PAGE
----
"This is the original 1913 passenger rail car that came in and out of Rutland and throughout Vermont every  single day.  So passengers were really coming in and out on the train you see, and it's a once in a lifetime opportunity," said Tom Donahue with the Rutland Regional Chamber of Commerce.

The railcar was donated by the Vermont Rail System -- and thanks to $5,000 in donations from the Vermont Country Store and Omya, the train was restored and moved to its permanent location next to the Vermont Farmers Food Center.

"It's one of the most visible places in Rutland. It's a very well traveled road -- it's virtually two blocks away from downtown Rutland," said Food Center's Greg Cox.

Cox said every Saturday more than 2,000 people flock to the site for a farmers market, so it will be a great place for people to enjoy a piece of Rutland history. "We want to have this as a public treasure, open to the public as often as possible so people can see and really touch and feel what the train history of Rutland was," he said.

Cox said they will be building a shelter around the train and will be open for public viewing October 22nd. The railcar will be free for everyone to explore. Donahue says railroads are a significant part of Rutland's history -- both freight and passenger trains have been rolling through the city for over a century. "It is a very, very important -- not only part of our history -- but a part of our future. Rutland is still a major switching yard for the entire State of Vermont," he said.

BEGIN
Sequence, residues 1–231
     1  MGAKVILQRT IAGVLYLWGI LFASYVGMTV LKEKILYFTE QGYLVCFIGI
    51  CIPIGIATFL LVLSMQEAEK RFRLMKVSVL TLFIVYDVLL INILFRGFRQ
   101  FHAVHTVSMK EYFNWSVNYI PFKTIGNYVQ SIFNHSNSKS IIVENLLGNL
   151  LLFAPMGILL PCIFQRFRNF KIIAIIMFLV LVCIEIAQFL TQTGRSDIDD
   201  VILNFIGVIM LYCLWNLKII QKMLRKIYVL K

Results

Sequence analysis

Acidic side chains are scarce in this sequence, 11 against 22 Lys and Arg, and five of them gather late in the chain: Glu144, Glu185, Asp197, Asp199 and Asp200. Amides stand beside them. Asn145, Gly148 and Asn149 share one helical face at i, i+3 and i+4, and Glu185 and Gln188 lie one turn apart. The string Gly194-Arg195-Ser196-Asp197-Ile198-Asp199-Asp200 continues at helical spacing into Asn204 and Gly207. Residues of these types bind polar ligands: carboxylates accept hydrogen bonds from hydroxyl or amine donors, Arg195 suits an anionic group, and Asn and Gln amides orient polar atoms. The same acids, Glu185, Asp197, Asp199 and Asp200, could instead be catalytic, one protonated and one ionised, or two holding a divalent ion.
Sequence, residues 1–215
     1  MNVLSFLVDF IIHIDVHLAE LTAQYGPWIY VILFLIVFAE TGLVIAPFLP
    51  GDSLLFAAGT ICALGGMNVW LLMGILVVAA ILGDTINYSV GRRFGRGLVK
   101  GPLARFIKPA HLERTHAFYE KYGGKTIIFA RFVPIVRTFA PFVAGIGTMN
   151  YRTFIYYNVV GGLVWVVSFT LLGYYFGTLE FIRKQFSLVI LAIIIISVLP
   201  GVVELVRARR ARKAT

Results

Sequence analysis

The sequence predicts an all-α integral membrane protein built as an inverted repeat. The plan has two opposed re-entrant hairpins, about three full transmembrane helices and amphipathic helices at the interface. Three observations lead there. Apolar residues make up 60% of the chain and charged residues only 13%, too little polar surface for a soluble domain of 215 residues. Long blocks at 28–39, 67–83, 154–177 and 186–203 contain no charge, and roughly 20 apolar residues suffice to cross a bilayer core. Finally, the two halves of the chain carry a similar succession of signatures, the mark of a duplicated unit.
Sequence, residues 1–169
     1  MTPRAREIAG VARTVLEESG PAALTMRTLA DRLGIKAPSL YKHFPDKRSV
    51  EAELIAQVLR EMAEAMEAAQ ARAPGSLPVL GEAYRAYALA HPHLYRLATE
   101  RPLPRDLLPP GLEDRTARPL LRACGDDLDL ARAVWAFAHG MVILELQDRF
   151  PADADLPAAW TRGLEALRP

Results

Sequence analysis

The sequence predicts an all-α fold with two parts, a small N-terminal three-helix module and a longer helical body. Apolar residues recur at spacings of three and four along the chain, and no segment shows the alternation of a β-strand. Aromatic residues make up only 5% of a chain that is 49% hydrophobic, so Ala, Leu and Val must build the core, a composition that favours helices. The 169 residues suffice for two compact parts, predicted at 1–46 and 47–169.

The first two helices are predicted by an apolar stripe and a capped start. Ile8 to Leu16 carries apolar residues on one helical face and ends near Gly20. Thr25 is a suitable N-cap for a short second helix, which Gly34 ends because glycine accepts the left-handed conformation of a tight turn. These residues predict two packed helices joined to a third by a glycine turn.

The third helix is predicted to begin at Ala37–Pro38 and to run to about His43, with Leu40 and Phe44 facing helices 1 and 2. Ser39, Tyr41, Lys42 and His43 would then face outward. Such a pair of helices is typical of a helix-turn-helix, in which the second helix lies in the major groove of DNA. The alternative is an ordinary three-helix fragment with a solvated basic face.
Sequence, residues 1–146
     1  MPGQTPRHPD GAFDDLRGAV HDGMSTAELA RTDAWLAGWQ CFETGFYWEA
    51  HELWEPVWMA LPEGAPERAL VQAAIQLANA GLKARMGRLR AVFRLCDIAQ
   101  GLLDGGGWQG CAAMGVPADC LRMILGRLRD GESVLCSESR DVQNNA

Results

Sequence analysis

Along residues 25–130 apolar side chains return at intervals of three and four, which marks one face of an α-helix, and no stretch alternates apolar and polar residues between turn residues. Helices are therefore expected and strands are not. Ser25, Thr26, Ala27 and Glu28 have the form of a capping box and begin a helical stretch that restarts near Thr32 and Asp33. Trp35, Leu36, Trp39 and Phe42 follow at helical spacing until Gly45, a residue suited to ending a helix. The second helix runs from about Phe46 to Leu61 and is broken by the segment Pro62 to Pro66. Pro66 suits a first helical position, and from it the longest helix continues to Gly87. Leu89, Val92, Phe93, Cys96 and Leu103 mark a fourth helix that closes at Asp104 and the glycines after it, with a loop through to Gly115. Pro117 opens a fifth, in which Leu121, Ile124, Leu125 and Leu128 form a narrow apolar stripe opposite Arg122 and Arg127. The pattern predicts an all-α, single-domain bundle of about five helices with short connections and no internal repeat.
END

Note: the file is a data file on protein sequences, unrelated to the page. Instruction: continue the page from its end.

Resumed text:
And although some locals were just there for the heavy machinery, others say they can't wait for it to be stationed in the city permanently. "This is good. There are a lot of people that comes to the farmers market. Trains are really important to Rutland history, so having it here is really pretty cool,"  Zeller said.
Bringing back a 100-year-old railcar, to take the city into the future.


MM&A Sale Could be Completed in 2013

(via Newswire)

BANGOR, Maine – A bankruptcy court sale of the beleaguered Montreal, Maine & Atlantic Railway could be completed in December, The Canadian Press reports. The sale would hinge on the establishment of a process to award compensation to victims of the July 6 derailment in Lac-M├ęgantic, Quebec that killed 47 people and damaged much of the city's downtown.

Court filings indicate interest from eight potential buyers as of Friday, the report says. Seven had signed non-disclosure agreements to receive confidential data.

Under a proposed sale schedule, expressions of interest would be due to the court on Oct. 31 and a lead bidder would be chosen Nov. 15 to start the process. A formal auction would be held Dec. 13 with court approval in Maine and Quebec on Dec. 16.

Interested buyers would be able to bid on the road's entire assets or just those in the Canada and U.S., but must be prepared to continue rail service.

The railroad's total assets are estimated between $68 and $118 million dollars. The railroad's $25 million insurance policy would also supplement the sale price for the victims' fund.

Tuesday, October 8, 2013

New MBTA Diesel Headed to P&WRR

Brand spankin' new MBTA diesel #2001 is reportedly on it's way to the Providence & Worcester railroad for final setup. Will we soon see it plying MBTA rails??

10/14 UPDATE:  The unit should be on P&W property as I type.

Thursday, October 3, 2013

Micro-Trains Factory Weathered B&M Boxcar

Micro-Trains has released for mid-September an N scale factory weathered Boston & Maine boxcar.  Item number is 031-44-440, MSRP $26.70.